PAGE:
Day trip to Soller

My Mum pegged Soller as one of her favourite places in Mellorca. She spent a season here back in the ‘60s so I expect at lot has changed since but she has made a few visits since. The original idea was to anchor here and visit Palma by train but then we heard that the South/East coasts were generally nicer/safer places to be so we decided to do it the other way around. The weather was also pushing us that way and, well, you can’t argue with the weather can you?

It was a bit of a late start as we had some important boat chores to do, so Simon stuck around to do that while I went and got my hair cut. It was about time 🙂

Then a frantic cab ride to the train station to try and make the 1300 train, which we did just in the nick of time. We ran onboard the quaint little train without buying a ticket as there was no time – but in hindsight there probably was – and we’re not sure if we ended up paying more from the conductor, but we made it and we were glad we did.

The little chain winds it’s way through the orange and olive groves, across the island and past huge mountainous vistas. The views are simply stunning! Before you reach Soller, and without any warning, the train stops off at a viewing point. This doesn’t seem to be advertised and there was no announcement, but slowly, slowly people started to pop their heads out, then a toe and after a while about half the passengers had cautiously picked their way out onto the platform for lots of photo opportunities. Five minutes later the horn toots and everyone hop-footed it back onboard.

From there the train starts its downward descent and picks up speed, next thing you know you’re heading through dark tunnels and waiting apprehensively for a few ghosts to pop out at you. Then as quick as a tick you land in Soller.

Soller 1

Most people raced to get in the long queue for the tram to the port.

Soller 3

We meandered down into town for a spot of lunch. There’s a lovely town square with a lovely church. It’s surrounded by lots of cafes and restaurants catering to the tourist, but as is often our way, we wandered down a lane off the square and found a little cafe where the locals go. They served a ‘various tapas’ menu which was delish!

Soller 2

After a bit more wandering through the back streets and past the little shops we headed back up the hill for the tram stop to the port. By now the queue was much shorter but many trams passed us without letting anyone on which was bizarre, especially considering the timetable said there was a tram due.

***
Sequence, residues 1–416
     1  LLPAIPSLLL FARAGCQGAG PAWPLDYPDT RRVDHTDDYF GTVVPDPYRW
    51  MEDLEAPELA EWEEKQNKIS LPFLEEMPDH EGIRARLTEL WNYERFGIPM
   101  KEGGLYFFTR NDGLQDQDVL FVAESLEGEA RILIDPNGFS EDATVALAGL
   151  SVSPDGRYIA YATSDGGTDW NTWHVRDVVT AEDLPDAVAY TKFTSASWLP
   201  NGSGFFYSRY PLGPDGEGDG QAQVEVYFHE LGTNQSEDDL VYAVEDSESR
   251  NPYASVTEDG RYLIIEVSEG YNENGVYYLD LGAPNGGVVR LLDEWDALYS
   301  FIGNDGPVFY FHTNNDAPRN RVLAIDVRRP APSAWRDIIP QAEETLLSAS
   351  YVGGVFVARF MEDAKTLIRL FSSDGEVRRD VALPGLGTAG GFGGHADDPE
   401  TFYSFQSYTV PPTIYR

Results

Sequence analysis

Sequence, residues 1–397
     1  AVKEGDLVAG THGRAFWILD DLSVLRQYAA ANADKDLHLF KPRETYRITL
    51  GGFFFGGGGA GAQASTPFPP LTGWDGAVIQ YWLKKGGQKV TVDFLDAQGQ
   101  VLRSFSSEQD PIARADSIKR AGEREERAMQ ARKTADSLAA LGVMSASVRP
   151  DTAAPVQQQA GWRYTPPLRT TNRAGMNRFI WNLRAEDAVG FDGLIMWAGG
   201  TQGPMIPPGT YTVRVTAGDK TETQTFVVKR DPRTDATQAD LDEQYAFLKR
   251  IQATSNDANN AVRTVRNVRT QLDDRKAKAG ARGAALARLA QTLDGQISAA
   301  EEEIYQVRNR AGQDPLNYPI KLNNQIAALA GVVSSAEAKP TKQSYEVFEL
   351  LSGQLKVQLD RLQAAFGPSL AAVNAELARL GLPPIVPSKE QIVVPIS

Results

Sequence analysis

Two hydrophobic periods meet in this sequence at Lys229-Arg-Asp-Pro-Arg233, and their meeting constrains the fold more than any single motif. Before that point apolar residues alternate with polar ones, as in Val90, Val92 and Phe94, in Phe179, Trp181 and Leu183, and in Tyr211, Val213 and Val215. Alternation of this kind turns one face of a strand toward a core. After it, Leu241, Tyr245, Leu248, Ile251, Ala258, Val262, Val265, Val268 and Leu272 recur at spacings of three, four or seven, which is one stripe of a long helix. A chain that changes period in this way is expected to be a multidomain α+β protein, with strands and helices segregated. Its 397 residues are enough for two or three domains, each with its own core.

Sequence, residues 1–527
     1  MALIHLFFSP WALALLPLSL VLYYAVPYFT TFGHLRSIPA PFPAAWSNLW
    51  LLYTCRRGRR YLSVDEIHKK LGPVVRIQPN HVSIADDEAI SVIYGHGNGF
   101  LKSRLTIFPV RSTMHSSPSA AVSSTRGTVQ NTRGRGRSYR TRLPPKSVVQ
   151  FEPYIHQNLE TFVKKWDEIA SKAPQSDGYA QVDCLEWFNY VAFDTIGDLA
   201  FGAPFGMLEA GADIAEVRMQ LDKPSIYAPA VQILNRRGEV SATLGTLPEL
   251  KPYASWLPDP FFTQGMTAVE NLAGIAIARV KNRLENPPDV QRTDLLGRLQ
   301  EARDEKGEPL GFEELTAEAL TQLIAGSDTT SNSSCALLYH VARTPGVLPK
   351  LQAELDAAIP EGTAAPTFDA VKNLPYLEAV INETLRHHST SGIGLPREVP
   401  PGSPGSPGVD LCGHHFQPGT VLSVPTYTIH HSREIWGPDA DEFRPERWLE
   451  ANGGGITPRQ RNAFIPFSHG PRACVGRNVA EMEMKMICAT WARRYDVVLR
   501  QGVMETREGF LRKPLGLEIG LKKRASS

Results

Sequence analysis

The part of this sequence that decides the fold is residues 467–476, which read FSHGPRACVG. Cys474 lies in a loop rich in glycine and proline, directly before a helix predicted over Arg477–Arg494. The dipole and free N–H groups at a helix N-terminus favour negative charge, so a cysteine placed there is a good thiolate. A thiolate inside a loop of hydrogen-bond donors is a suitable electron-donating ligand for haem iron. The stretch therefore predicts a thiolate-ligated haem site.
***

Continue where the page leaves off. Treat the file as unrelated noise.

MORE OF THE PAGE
Soller 4

Anyway we made it on eventually and tootled down to Soller port. Interestingly some of the carriages for the trams have been shipped over from Lisbon and regauged to fit the smaller tracks.

Soller is beautiful. Lots of boats anchored here in what seems a fairly protected harbour. A lovely beach with lots of bathers, it was hot too so we wished we’d brought our swimmers. Instead we opted for an ice-cream in the shade.

Soller Port

Lots of nice shops here and I managed to bag myself a new bag – well my birthday is coming up (no age jokes please) and my other one is disintegrating – I’m not sure if it’s the salt, the suncream or just overuse.

We dipped our toes in the warm waters and then headed back to the tram for our journey home. The last train was due to set off at 1830 but the previous one was 1400 with nothing in between so we thought we’d better get there early. When we jumped off the tram there was already a crowd of people at the station but we headed down to the square for a drink.

We were quite worried about the train being full and having to pay a cab fair across the entire island so we turned up at the station an hour early to try and get a spot. We were not looking forward to this! Anyway when we arrived there didn’t seem to be the crowds and the the train was already waiting at the platform. It was pretty jam-packed, we jumped on board managed to find a couple of seats and then we were off! At least an hour before the scheduled time. I’m not sure what the go was, maybe they had put on an extra train, but we were sure glad to be on our way back to Palma after an amazing day out in Soller.